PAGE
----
The division bell
When it comes to politics, are we just talking to ourselves?
Politics has always been about divides: it’s no coincidence that parliamentary votes in the UK are called ‘divisions’.
So the contemporary concern over political divides has the potential to be a fuss over nothing: in a liberal democracy, there will always be different competing interests. The point of politics, as Bernard Crick described, is to reconcile these without resort to coercion or violence.
Yet, there appears to be something different and more entrenched about the current divisions in British society, and consequently our politics. More frequently, criticisms across the divide have a moral component, with opponents cast as enemies, and therefore of questionable, sometimes treacherous, motives. The differences are more essential, with those on either side seeming not to share experiences or a common language.
Discussion of these divisions and their roots has been fuelled by the vote to leave the EU in 2016 and to a lesser extent by the general election earlier this year. Analysis by Will Jennings and Gerry Stoker argues convincingly that these results are expressions of a longer-term political trend (since at least 2005) propelled by socio-economic changes, including those wrought by globalisation and the expansion of participation in higher education.
There are also changes in how people acquire their political information and engage in political discussion – an arena where social media increasingly play a significant role. Analysis of Twitter data by the Centre for the Analysis of Social Media at Demos has found that in terms of political affiliation, social media users often operate in ‘echo chambers’, while researchers at NYU, influenced by the psychologist Jonathan Haidt, found that tweets using moral-emotional language (such as ‘wrong’, ‘attack’ and ‘hate’) were overall more popular with users, albeit within partisan networks, and not across political divides.
It was in this context that we at The Challenge, the UK’s leading social integration charity, decided to carry out research into social integration and political attitudes.
As an organisation, we define social integration as the extent to which strong social ties, maintained through a web of relationships and interactions, inspire bonds of trust, reciprocity and solidarity between people from all backgrounds.
Our previous research has demonstrated that, on average, Britons interact socially with someone of a different ethnicity less than half as often as would be expected if their social circles reflected the demographic makeup of their local area.
So it is not uncommon for people to live peacefully alongside others from different walks of life but to meet, mix and connect almost exclusively with people from similar backgrounds, with deleterious consequences for integration, and in turn for trust, civic participation and social capital.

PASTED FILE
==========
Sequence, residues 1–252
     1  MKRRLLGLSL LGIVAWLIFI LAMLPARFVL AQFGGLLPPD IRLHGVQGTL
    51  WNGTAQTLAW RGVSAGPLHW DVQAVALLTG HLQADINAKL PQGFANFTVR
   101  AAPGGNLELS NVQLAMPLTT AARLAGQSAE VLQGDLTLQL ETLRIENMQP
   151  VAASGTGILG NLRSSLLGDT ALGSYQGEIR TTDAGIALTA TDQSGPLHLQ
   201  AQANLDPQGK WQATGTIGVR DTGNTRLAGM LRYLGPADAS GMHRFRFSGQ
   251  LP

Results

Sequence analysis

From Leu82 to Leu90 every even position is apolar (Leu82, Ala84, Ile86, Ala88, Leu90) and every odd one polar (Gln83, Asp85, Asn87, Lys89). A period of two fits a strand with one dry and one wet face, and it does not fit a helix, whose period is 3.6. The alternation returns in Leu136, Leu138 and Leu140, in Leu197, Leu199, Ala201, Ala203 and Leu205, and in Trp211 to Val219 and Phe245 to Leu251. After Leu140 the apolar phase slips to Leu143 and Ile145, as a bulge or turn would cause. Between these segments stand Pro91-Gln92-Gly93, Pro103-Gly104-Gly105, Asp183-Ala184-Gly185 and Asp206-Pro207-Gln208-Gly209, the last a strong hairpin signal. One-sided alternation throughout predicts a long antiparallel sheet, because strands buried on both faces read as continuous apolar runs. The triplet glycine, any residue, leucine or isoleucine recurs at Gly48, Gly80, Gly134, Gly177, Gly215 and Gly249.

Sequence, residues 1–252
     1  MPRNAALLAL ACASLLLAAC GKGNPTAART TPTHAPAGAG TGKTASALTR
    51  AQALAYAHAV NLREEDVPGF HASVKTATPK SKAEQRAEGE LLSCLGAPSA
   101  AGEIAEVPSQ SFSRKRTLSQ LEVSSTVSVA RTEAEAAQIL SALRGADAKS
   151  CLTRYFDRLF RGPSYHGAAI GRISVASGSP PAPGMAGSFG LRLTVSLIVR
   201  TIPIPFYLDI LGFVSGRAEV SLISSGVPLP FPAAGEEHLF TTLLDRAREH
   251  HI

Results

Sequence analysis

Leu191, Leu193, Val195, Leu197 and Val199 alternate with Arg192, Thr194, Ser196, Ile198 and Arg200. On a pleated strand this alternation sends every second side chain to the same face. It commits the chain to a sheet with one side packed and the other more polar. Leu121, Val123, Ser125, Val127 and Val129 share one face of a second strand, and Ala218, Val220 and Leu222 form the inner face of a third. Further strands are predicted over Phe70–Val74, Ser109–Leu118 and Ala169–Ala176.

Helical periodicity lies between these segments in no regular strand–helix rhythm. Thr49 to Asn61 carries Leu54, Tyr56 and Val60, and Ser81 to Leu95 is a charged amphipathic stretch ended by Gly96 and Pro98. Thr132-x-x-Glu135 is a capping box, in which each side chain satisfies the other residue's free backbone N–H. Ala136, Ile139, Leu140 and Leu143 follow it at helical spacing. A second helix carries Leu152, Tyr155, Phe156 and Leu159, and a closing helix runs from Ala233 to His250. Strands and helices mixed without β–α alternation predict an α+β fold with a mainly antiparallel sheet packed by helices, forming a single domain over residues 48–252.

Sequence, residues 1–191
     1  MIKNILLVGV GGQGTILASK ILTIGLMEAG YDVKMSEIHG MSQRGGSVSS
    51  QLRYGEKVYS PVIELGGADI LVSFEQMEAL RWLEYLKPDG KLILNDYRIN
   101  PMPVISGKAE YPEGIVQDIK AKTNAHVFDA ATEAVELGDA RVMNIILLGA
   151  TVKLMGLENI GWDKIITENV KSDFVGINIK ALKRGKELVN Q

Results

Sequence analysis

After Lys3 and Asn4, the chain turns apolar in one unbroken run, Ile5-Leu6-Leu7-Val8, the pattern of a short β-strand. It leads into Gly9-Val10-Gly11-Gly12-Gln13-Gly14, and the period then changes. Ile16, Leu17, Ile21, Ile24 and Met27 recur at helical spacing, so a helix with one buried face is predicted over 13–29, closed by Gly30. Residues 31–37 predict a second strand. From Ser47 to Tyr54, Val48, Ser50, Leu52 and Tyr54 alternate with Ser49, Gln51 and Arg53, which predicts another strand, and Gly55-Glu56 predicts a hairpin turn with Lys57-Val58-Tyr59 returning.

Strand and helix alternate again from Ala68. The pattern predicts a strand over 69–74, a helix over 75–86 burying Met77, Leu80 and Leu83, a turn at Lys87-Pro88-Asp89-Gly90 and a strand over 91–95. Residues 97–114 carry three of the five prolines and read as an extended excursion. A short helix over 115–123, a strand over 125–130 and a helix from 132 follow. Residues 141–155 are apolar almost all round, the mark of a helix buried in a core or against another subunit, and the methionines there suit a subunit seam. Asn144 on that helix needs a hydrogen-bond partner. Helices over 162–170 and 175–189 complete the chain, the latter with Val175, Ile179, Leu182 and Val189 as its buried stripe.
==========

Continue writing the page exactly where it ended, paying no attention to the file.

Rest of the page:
Our latest research finds that this self-segregation is also found in our political networks.
As part of the British Election Study, pollsters asked over 16,300 people if they could think of anyone they ‘sometimes talk to about politics’. They were then asked for more information about these people, such as their ethnicity and social class.
Our analysis of this data found that of those who named at least one person with whom they discussed politics, 89 per cent did so only with people of the same ethnicity, and 80 per cent with people of the same social class.
We also found significant differences across social groups, particularly in terms of cross-ethnic discussion. Young people are three times more likely than older people to report discussing politics with someone of a different ethnic group. The North-West is the British region least likely to report doing the same, striking given its relative ethnic diversity. And White British people are by far the least likely to have someone of another ethnicity in their network. This is the case even controlling for the demographics of their area.
This matters, as perhaps the most reliable finding in the history of social psychology – repeatedly demonstrated since Gordon Allport described it in The Nature of Prejudice – is that positive contact with someone from a different background to yourself (or an ‘outgroup’ member to use the technical term) leads to a reduction in prejudice and a more positive estimation of that outgroup.
This appears to be the case regardless of the setting: in neighbourhoods, schools or workplaces in countries across the world; and for all kinds of possible divisions, whether ethnic, social class, sexuality or disability.
We see this all the time in our practice, as a charity that has provided more than 150,000 young people with the opportunity to meet, mix and connect with those from different backgrounds, and play their part in a more socially integrated society.
However, there is less information on the consequences of this kind of integrated contact for wider social and political attitudes. This is what our study is now going on to examine, by exploring the relationships between social integration and nativism, authoritarianism and political participation.
Hopefully, this will provide some answers as to how our tendency to self-segregate influences our ability to negotiate across differences and reach a settlement, and therefore how it affects our politics.
Follow Ralph at @ralphascott
Image credit: f11photo / Shutterstock.com
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